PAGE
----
Computers: Custom Built vs. Store Bought

Some people talk about the war in Iraq. Others talk about public policy and social security. The rest of us, the young at heart, talk about the politics of overclocking processors and video cards. With the falling prices of prebuilt boxes, by stores like Fry’s Electronics, even the hardcore hardware enthusiast is looking for a reason not to buy a prebuilt box. If you have never looked inside the box, what are you waiting for?

Hardware, that is what I love. I built my first computer, piece by piece, about ten years ago. I went out and bought an AMD K6 processor and an Iwill motherboard. over the course of a couple months I got ram, an 8 gig hard drive and SLI voodoo2 cards by 3Dfx and Monster. I had built an awsome gaming machine for a few hundred dollars. The same thing from a major name brand would have cost me about $2,000 and would have come with a bunch of stuff I didn’t want.

A lot has changed since then but a lot has stayed the same. I would never have considered buying a prebuilt in those days. Now, the prices are getting so low, in some cases it’s cheaper to buy a name brand. But what kind of satisfaction is there in that? For the die hard build it yourself guy, this is a good time to consider going half way. Some stores offer skeleton systems that have the bare necesseties but even those aren’t perfect. You will probably still get a 56k modem, NIC, and built in sound card… but no ram or hard drive.

For the beginner, the best way to get started on building your own computer, one you can put your own label on, is to start with a skeleton system. You can buy an AMD 2200+ or an Intel box for about $150. It will have some form of Linux on it but its pre-installed and working. With a $150 monitor you have a working system. To make it a gaming machine, you can buy a video card and some ram for about $150. You now have a working computer that can do anything a name brand computer can do for $450.

An important thing to know is where to spend the money. The most expensive part of your computer is usually the monitor, and with good reason. It will save your eyes, produce your graphics and videos, and is the medium through which most information travels. Next depends on your needs. Some would buy a video card to play games, others would spend it on a sound system, and others would buy storage devices or networking. It is a personal choice after that.

Installing cards like video, sound, etc is pretty safe and easy as long as you ground yourself. Most people don’t realize that the cables and cards only fit in their assigned slots and are color coded when needed. Usually you will know if you are puting them in the wrong place because they wont fit. It’s that easy.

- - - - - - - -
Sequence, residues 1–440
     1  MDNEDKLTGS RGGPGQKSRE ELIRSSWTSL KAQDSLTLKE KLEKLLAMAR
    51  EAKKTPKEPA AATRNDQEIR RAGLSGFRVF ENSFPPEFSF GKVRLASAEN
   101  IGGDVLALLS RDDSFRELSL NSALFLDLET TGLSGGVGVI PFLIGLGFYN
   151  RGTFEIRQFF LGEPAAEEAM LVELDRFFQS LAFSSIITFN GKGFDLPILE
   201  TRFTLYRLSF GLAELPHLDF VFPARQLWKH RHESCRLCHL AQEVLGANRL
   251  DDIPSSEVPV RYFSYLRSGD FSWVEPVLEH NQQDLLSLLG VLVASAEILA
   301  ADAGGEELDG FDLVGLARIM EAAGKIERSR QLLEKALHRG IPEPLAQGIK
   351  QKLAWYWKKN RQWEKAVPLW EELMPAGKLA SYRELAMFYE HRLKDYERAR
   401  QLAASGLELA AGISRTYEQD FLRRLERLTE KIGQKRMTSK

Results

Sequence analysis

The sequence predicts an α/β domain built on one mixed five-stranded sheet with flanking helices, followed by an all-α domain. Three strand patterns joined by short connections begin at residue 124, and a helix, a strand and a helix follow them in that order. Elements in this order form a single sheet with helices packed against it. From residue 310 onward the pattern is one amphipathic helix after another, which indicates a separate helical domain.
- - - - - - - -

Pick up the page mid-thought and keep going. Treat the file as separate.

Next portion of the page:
For the advanced builder, you will want to design every aspect from the ground up. There are many factors that present themselves when building. To start with, the ability to upgrade your system at will, is key. You will need a case that fits many drive bays, not only for future expanding, but for new technology when it does come out. You will need a motherboard that fits, not only a lot of cards, but multiple processors as well. You will need a Dremel tool for cutting various parts of your case. A good collection of computer screws and cables is good to have too. Access to websites like or a local computer fair is essential. Here in CA we have Fry’s Electronics and the local computer fair circuit (

If you don’t want to open the case and do your own work, there are now prebuilt gaming machines that are cheaper than you can make yourself, and actually look like a custom rig. Companies like AlienWare have already done the overclocking and testing for you so you don’t have to worry about frying your boards. They have modded cases with built in neon lights, cooling systems, graphics, glass, etc. It’s not a custom built rig… but it looks like one.

The gap between building your own and buying pre-fab is closing but for the Build Your Own computer guy, it can be satisfying and can give you bragging rights over your buddies. Things like finding the right drivers and the old USB compatability issues are gone for the most part. Now, hardware comes with working drivers for most OSes, in case windows doesn’t find and install them for you. You can even get valuable information for free from your local computer geek just by asking a simple question like, “what’s the best video card out there?”

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